Friday, November 9, 2007

Questioning the Subconscious Mind

In October of 1993 my son was ten years old and struggling in school. Being concerned as to the cause of his problems we asked several other parents for advice. One friend recommended a new family counselor who had just become a certified stress management consultant. I had no idea what stress management was or if it could help with the problem.

The visit started out normally enough with some simple conversation between the counselor and our son. Being a typical ten year old, Mike did not have much to say but answered the questions cheerfully enough, usually with just a yes or no but mostly, "I don't know". Then the counselor turned to us and suggested that we try a new technique to find out what was really going on in Mike's subconscious mind.

Questioning the subconscious

"Mike, stand up here for a minute, will you please?" He did. "Now hold out your arm straight out in front of you like this," and demonstrated with the arm. Mike thought this was fun and had no problem following directions. "Now I want you to hold your arm straight and strong as I ask you some questions and try to pull down on your arm. I want you to keep your arm straight."

"Say, 'my name is Mike'." As Mike complied the counselor tried to push down on Mike's arm with a small amount of downward pressure. Mike held his arm strong and it did not go down. "Now say, 'I am wearing shoes'." Mike gave us a quizzical look but repeated the statement. Once again the counselor tried to push the arm down but it remained strong and did not move.

Muscle Response Testing

"Now say, 'I am doing well in school'." A big smile came across Mike's face and he shook his head from side to side as he repeated the statement. This time his arm was easily pushed down by the family counselor even though Mike tried to hold it strong. "Hey, wait a minute!" Mike exclaimed, "Try that again." He felt that his strength was being challenged.

So they went through the process again with a similar question. "I turn in my homework on time." Same results only this time Mike was paying close attention. So was I. The counselor explained, "You see, the body has an electrical energy field that momentarily loses a little bit of strength when an untruth is repeated. It's kind of like a built-in lie detector."

The family counselor then began to ask a series of questions that Mike would repeat while his arm strength was checked. Once I got over the initial shock of seeing Muscle Response Testing in action I began to focus on the questioning technique that was being employed. I thought it most unusual that the counselor was asking Mike about dates and places.

The root of the problem

Soon we got down to the root of the problem. When Mike was in Montessori school at a very young age (four or five) he had a teacher who was very set in her ways as to the way things were and the way she wanted her pupils to do things. Through Muscle Response Testing the family counselor determined that Mike took offense at her 'dogmatic' ways.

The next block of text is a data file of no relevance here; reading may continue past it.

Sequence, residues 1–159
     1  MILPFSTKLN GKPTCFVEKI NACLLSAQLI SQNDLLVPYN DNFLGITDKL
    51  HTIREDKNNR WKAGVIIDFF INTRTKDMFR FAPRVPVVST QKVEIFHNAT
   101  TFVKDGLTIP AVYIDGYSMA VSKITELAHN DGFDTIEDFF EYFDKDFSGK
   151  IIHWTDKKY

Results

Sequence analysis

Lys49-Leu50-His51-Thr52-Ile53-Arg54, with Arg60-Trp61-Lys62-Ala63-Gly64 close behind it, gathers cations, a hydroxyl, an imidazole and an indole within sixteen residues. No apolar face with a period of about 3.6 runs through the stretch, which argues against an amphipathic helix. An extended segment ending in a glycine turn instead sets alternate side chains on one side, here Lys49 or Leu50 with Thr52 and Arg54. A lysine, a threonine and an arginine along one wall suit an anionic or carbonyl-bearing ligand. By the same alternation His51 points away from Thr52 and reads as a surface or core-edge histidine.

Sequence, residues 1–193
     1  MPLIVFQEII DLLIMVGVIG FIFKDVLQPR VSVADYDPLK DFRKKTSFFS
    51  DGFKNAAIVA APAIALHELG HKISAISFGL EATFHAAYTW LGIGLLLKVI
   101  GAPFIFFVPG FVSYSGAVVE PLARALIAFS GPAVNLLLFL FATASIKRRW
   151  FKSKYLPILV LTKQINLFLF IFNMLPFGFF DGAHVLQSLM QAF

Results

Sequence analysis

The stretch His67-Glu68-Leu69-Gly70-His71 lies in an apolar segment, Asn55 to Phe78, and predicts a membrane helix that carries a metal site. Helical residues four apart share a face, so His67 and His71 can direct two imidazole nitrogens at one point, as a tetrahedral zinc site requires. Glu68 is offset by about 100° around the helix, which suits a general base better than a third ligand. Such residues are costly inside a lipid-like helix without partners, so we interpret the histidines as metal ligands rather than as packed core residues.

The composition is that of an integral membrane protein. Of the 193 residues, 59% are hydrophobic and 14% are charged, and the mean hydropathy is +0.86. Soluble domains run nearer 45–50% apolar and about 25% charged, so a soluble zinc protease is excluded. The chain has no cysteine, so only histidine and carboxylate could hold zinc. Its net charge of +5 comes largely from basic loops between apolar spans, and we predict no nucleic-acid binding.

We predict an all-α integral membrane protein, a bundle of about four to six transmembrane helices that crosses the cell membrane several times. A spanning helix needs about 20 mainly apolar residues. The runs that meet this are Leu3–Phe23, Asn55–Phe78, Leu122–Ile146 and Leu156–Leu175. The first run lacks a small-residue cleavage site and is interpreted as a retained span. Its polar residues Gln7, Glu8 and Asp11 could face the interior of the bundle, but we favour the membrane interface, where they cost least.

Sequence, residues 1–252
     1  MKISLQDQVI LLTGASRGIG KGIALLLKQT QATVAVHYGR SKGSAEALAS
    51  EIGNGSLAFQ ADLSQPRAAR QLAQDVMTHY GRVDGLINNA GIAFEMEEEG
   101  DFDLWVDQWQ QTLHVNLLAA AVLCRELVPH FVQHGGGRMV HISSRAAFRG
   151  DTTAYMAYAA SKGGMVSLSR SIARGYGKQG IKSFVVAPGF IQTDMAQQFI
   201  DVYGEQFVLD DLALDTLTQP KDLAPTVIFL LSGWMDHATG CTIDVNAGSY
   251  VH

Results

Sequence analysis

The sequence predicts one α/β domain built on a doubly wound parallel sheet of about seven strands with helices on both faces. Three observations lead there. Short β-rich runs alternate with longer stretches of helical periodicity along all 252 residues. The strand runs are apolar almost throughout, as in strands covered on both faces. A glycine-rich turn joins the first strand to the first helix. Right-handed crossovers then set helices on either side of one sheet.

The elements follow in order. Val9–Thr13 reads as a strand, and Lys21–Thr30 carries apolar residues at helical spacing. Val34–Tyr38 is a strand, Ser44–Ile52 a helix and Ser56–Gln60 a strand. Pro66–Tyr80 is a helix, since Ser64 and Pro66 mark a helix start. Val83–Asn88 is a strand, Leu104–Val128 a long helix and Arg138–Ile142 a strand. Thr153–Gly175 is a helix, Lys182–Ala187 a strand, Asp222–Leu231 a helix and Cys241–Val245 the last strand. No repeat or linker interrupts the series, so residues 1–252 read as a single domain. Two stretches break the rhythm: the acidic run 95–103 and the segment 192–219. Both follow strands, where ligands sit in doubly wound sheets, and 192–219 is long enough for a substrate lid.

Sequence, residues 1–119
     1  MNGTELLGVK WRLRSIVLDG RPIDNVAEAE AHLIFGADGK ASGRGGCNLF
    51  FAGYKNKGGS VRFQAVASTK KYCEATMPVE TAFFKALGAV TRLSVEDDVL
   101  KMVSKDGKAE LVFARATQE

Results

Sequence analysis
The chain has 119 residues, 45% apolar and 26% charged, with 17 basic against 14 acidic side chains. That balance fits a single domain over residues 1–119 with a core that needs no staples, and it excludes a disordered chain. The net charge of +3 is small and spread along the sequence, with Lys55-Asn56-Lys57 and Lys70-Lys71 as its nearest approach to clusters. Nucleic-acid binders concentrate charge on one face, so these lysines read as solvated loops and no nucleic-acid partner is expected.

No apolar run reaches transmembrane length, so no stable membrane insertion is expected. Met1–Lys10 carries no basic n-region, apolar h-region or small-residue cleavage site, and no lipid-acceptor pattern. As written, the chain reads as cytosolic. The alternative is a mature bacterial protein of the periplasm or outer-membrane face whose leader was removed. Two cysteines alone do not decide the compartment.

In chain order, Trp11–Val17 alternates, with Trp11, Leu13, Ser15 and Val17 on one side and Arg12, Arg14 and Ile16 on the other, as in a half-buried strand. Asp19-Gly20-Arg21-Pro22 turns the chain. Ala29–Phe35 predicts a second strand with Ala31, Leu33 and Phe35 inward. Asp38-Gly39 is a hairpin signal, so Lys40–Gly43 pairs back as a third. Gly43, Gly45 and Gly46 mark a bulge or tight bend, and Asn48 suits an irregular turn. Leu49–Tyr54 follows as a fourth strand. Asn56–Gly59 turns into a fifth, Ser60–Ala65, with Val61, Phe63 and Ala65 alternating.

Now Mike had never heard that word before but that's the word on which he tested positive. This was after the time frame of the initial occurrence had been established through Muscle Response Testing. We now knew what the cause of the problem was within less than five minutes of testing and were able to deal with it appropriately (more on that later).

Can this really work?

I confess I was blown away. I had never seen anything like this before and could not believe what I was witnessing. Is it really possible to question the subconscious mind through Muscle Response Testing and get accurate answers? The counselor explained that everything we have ever experienced is stored in there somewhere. MRT just helps us access it and bring it out.

What do you think? Have you ever heard of the idea of questioning the subconscious mind? If you have experienced it, tell me about the first time you saw MRT in action.

Thursday, November 8, 2007

A tribute to Donna McDermott

If you have visited a certified stress management consultant you may have read a little booklet with a blue cover and two white doves. The booklet describes the unique stress management technique that is the main subject of this blog. It was written by Donna L McDermott back in 1992 when she was running the Family Stress Management clinic in Phoenix Arizona.

I never met Donna but it was her booklet that got me over the initial skepticism that I felt the first time I was exposed to this technique. I don't know what your reaction was the first time you saw it practiced but I probably dropped my jaw in disbelief. I sat through the first session and then promptly asked for some documented evidence that what I had witnessed was for real. I was handed Donna's booklet.

A legacy left behind

Sadly, Donna passed away of cancer three years ago (in 2004) but she left an online legacy in an extensive interview posted on the website. You can also read more of her story on the Chi-Lel website. Scroll down past the top two stories. I am amazed at her energy that she describes in another Chi-Lel story here. I don't know what Chi-Lel or gongs are but they appear to be some sort of demanding physical exercise that increases energy. Donna also contributed a wonderful story, "From the Heart of a Joyous Child" to the Choose Life website.

Donna was one of the first to be trained and become a Certified Stress Management Consultant. I am confident that she helped hundreds if not thousands of individuals find relief from the stress of life over the years that she practiced. If you knew Donna or were helped by her, please feel free to add some comments to this post so that others may honor her memory as well.

Saturday, November 3, 2007